Hey, a hero doesn't hit a lady, right? Ah, but to balk at this scene is to surrender to prattling emotionalism and irrational sentiment! In the Avenging World, there is acknowledgment of political realities affecting women -- irrationalities like sexism -- but fundamentally there is no difference between rational individuals, so that leaning on specifically gendered concerns is merely evading the base objective values that inevitably guide every life. In this way, if a woman hits a man, it is an act of force, and to decline to hit her back is only affirming the use of force to wrongfully obtain some objective.
And while it would be inaccurate to say The Mocker doesn't contain a lot of text, in keeping with the stripped-down, archetypal nature of his storytelling, Ditko lets forceful visual cues carry a lot of his impact and meaning. The title character is indeed a superhero, though it is striking how indistinct his powers are. He can go squiggly so as to "mock" the eyes of onlookers, and apparently he can draw out the light from his surroundings, but the most visual aspect of his powers is never, ever explained:
The Mocker grabs hold of an opponent, and slowly Ditko's squiggly lines flow into him, blacking him out and, inevitably, prompting some terrified confession. This effect is similar to the infectious nature of the irrational orb seen above, but to a good purpose. The squiggles, then, taken together, are emblematic of sheer Power, often characterized as Force or Fraud, but also liable to become controlled by truly excellent individuals, those who always eventually emerge with clean new faces - at the end of The Mocker, the hero's superpowers leave him, because he has proven himself a good man.
Oh, a lot of people hate him, of course, and more than a few think he's a criminal. Society said that about a lot of lone riders in the dime novels and matinees. This is also a typical Ditko theme: the hero remaining satisfied with himself in the face of uncomprehending public disgust, knowing, perhaps, that sometimes you've gotta slap the right people no matter what. And, if as Nick Gazin suggests, the better autobiographical comics come from "misanthropic outsiders with points of view," Ditko's status as a pioneer of superhero comics as pure self-expression matches him up well with that crew, though he is still a superhero artist, and so he supersedes the concerns of polite society entirely. Expect no alms from him.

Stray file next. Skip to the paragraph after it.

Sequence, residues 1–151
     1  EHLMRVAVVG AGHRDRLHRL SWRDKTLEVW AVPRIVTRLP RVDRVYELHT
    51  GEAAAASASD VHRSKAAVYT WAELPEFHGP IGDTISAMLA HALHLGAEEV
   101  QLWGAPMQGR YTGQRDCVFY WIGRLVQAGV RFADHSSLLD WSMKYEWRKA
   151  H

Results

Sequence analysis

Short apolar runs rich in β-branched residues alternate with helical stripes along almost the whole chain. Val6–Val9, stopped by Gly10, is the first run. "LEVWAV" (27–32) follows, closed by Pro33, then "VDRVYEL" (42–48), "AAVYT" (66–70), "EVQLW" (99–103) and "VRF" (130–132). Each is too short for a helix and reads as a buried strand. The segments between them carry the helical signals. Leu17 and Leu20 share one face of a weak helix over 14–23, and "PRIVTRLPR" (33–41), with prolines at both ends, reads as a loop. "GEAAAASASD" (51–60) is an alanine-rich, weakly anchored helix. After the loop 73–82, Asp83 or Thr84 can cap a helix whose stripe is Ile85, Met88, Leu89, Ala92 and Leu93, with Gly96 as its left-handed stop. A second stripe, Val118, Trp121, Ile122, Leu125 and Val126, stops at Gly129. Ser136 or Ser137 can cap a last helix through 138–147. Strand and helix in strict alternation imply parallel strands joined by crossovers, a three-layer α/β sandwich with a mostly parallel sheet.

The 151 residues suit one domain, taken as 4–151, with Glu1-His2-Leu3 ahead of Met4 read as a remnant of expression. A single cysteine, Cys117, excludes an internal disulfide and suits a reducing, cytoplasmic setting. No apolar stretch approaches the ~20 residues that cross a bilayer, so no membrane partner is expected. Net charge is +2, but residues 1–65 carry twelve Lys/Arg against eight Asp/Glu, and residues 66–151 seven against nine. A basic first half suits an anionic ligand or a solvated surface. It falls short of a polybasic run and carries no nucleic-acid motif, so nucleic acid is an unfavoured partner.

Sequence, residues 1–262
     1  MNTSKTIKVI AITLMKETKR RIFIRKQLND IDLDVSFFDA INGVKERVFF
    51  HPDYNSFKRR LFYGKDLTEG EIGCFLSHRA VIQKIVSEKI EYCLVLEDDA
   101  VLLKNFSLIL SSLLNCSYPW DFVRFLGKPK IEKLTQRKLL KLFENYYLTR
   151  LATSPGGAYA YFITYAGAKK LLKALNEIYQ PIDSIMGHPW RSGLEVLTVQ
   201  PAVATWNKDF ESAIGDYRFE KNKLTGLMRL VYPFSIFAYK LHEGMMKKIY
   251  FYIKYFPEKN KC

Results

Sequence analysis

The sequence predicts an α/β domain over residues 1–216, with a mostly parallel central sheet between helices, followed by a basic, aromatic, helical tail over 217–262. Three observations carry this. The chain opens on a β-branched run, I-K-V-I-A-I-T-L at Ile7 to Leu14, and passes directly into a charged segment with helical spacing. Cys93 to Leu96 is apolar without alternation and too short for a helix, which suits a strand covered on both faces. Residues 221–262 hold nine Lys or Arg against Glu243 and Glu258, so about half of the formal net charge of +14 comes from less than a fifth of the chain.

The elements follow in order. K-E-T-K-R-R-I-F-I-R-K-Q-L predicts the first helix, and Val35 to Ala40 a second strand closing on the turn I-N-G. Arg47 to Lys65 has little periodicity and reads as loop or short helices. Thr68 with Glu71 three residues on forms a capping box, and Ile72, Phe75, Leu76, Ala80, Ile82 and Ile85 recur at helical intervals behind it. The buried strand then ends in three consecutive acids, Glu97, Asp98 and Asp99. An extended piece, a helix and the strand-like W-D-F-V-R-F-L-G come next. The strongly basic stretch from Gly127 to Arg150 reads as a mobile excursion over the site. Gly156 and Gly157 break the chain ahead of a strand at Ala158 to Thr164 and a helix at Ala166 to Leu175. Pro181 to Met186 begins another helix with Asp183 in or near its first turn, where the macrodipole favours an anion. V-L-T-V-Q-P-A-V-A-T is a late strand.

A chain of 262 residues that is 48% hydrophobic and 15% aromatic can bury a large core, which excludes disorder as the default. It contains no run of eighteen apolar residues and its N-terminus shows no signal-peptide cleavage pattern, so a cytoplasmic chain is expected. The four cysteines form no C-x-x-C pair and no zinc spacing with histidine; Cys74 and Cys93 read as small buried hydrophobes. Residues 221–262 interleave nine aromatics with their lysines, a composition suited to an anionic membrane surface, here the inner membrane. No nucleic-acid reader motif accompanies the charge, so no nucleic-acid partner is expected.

PLEASE NOTE: What follows is not a series of capsule reviews but an annotated selection of items listed by Diamond Comic Distributors for release to comic book retailers in North America on the particular Wednesday, or, in the event of a holiday or occurrence necessitating the close of UPS in a manner that would impact deliveries, Thursday, identified in the column title above. Not every listed item will necessarily arrive at every comic book retailer, in that some items may be delayed and ordered quantities will vary. I have in all likelihood not read any of the comics listed below, in that they are not yet released as of the writing of this column, nor will I necessarily read or purchase every item identified; THIS WEEK IN COMICS! reflects only what I find to be potentially interesting.
The Bulletproof Coffin: Being a collected edition of the 2010 Image miniseries by David Hine & Shaky Kane, which sears itself most immediately onto the memory as a big colorful showcase for the latter artist, a Deadline and Revolver contributor beloved of connoisseurs if largely elusive from easy access. As it goes, this status factors into the comic itself, seeing a dissatisfied arch-collector becoming embroiled in a weird scheme involving crazy-awesome violent genre comics like he thought they didn't make anymore. But if Steve Ditko's violent genre comics mostly stand as a personal ideological expression at all costs, Hine & Kane gradually -- in fact at too drawn-out a length -- tease out the fate of all comic book characters attached to fragile human creators, suggesting the fan-addict's path is ultimately that of gorgeous annihilation into the realm of the aesthetic undead. Tongue-in-cheek pop comics arch-conservatism deluxe, AS YOU LIKE IT. Sample issue; $17.99.
Remake Special: Meanwhile, I doubt you'll find a more 'contemporary' funny costume comic than this for the remainder of April - it's a 112-page AdHouse sequel to artist Lamar Abrams' 2009 Remake, a well-regarded collection of "silly action and crazy nonsense," in the publisher's words. The new one features the horror of shit, and art that evokes Bryan Lee O'Malley and Kate Beaton in equal measure. Probably worth flipping through. Preview; $9.95.